IQ doesn't change once you reach a certain age, and, even as a child, it isn't very likely to change dramatically. If I took another IQ test in 50 years, even though I would be wiser and more knowledgable with better experience, my IQ might only change 1-2 points perhaps. If a longitudinal study was done on 15 year olds with top 2% IQ's, most likely, they would do better in life than those with average IQ's.
    I read somewhere that emotional intelligence is more important than IQ, and that if you have high IQ, but a very low emotional intelligence, you aren't going to go very far in anything, but I'm not sure about the reliability of this.
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    In the real world, they just represent a number and nothing more. It's a mostly unstandardised system with many different types of tests. The online ones are unregulated and are sometimes based on present knowledge or fact-recall rather than processing power, memory etc. Many also include time-limits which can also prevent people from even getting to the more challenging tasks in the first place. Implying that if you process a question slightly slower, you are less intelligent.

    Richard Feynman, one of the greatest Physicists ever only obtained an IQ score of 125. More than likely because the test was leaning towards verbal skills rather than logic. You would expect him to be way above 150.

    Another problem I see with them is that they only show your ''intelligence'', at a fixed point in time. If intelligence was fixed, then nobody would be able to get better at subjects like Maths and there would only be a small number of Doctors and Scientists in the world. People wouldn't be able to learn how to solve problems with increased complexity.

    Most of them only measure Logic, Memory and Verbal Skills. How do Psychologists know that only these 3 factors make up Intelligence? They don't. They do not test Musical Skills or Creative thinking. Now Mozart never took an IQ test for obvious reasons but he is one of the most celebrated composers of all time. I wouldn't really call him stupid even though he didn't study traditional subjects like Maths or Science. Could you have written ''Rondo Alla Turca''?

    Honestly I think some talent helps a lot in life but I consider a good work ethic to be more important. Most Employers won't care if you have an IQ of 100 or 150. All they see is if you get a first, 2:1 or 2:2. In most subjects, you will not get a first by sitting on your backside!
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    (Original post by epage)
    I read somewhere that emotional intelligence is more important than IQ, and that if you have high IQ, but a very low emotional intelligence, you aren't going to go very far in anything, but I'm not sure about the reliability of this.
    I feel like this might have some merit. I've never done an official IQ test, but my life so far would certainly suggest that either I am a rather exceptional (not meant to be a positive adjective here) anomaly, or I have a significantly above average IQ (what with my grades, my subject, and performance in other standardised tests which tend to correlate). However, my ability to rule my emotions and self-motivate is lackluster to say the least, and although I'm doing well in university, I have essentially failed socially, not through a lack of understanding of people (I'm excellent at that "reading the mind in the eyes" thing and similar crap and pretty good at other tests supposed to assess your emotional intelligence with regards to others, rather than yourself), but through defeatism, overthinking and general neurosis. Furthermore I have failed, at least thusfar, to do certain things generally necessary to obtain any degree of success (or even a reasonable standard of living..), e.g. get proper work experience, due to, once again, a lack of self-motivation, and poor emotional strength in general. I think good abstract intelligence combined with woeful emotional intelligence can be somewhat destructive, as you become very good at finding loopholes and coming up with arguments as to why this or that won't work, i.e. defeating yourself.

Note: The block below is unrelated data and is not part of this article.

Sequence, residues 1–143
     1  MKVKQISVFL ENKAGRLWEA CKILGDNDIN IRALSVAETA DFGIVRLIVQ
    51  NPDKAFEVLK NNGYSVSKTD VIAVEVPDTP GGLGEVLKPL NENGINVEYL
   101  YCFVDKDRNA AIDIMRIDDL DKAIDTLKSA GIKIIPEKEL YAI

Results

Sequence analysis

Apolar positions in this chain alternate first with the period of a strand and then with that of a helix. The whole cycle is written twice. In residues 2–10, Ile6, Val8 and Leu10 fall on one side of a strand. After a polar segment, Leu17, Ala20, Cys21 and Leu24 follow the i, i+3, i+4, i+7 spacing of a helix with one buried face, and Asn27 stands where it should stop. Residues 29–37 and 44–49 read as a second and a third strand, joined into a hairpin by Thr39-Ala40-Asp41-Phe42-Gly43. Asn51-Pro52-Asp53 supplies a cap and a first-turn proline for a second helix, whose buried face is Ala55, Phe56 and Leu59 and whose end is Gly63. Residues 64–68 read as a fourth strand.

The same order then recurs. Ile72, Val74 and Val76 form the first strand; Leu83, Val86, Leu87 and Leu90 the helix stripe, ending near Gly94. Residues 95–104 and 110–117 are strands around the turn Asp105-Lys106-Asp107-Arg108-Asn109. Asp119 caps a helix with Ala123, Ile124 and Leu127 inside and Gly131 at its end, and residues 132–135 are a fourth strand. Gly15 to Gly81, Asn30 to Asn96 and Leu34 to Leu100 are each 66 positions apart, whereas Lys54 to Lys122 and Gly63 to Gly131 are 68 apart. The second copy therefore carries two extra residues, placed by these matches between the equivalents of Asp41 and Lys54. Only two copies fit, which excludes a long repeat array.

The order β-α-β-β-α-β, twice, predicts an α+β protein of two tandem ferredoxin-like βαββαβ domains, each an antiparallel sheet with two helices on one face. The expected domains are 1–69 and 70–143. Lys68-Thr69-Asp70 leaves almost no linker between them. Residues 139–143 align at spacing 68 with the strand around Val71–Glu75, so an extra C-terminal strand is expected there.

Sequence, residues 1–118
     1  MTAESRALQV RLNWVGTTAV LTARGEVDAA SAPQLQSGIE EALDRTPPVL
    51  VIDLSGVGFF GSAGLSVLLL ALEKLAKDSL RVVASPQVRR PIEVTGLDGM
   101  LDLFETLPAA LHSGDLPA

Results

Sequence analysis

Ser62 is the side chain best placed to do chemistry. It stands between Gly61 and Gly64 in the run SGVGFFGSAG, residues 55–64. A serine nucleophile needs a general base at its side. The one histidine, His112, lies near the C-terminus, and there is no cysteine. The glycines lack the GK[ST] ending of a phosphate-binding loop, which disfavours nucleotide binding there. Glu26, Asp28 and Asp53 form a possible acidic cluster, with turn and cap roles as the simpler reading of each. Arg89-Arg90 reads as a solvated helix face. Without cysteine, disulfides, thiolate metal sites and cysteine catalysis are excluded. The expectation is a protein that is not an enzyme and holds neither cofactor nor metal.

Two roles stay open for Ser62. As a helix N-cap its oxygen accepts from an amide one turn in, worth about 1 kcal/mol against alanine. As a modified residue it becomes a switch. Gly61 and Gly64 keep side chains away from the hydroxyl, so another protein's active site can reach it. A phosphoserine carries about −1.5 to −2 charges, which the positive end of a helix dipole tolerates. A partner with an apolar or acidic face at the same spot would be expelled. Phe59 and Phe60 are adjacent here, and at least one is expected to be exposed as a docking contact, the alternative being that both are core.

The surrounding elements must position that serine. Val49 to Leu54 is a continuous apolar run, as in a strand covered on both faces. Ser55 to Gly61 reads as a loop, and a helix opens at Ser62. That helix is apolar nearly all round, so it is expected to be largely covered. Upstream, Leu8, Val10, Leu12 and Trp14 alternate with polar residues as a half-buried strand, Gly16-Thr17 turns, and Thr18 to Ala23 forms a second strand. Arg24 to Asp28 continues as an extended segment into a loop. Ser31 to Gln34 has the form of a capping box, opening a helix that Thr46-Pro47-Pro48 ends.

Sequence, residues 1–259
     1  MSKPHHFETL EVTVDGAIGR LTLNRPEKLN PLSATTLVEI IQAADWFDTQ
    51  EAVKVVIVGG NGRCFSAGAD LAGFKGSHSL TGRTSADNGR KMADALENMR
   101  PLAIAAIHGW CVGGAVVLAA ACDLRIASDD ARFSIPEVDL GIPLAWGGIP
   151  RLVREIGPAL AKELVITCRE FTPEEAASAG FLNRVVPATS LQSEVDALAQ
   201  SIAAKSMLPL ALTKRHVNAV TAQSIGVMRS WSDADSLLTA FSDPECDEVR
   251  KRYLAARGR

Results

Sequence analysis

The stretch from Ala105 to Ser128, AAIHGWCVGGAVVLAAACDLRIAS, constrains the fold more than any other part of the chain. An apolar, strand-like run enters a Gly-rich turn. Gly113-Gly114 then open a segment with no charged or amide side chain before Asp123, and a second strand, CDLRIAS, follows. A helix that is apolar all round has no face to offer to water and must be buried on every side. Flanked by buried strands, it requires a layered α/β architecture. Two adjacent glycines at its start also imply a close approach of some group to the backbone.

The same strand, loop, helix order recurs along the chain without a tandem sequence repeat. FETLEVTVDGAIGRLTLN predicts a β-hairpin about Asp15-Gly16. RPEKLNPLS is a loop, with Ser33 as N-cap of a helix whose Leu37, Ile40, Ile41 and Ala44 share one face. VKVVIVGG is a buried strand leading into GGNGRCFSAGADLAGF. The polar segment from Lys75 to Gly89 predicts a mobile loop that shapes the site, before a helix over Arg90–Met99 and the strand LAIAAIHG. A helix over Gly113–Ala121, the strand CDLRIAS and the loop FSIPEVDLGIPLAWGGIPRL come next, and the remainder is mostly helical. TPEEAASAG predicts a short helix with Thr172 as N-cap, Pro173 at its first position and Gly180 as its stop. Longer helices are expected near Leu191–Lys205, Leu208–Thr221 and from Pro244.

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    IQ is good for attempting to capture any potential case of learning/cognitive difficulties but after that, it's all about how well you do on tests.

    It's by no means a reliable predictor of success nor is it a predictor of how 'smart' you are (as in, taking all the various forms of intelligence and bundling them together).

    Imo, the only people who care about IQs are people who are insecure about them.

    I think I got 135 as a kid or something, don't really know and don't really care.

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    I had a mock TSA test once in school. I got below average.

    The head of the year told me that there was no point practising for a test of your intellectual capacity and IQ, and perhaps I shouldn't apply for this subject.

    There was no taking into account enviroment, fatigue.... Let alone the fact that students do practise the TSA, which can improve their scores because they learn the timing and the feel.

    I knew this but I still felt so dispirited at the teacher's words.

    The measure of IQ is restrictive and should in no way be used to told what a person's capibility is.
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    IQ is everything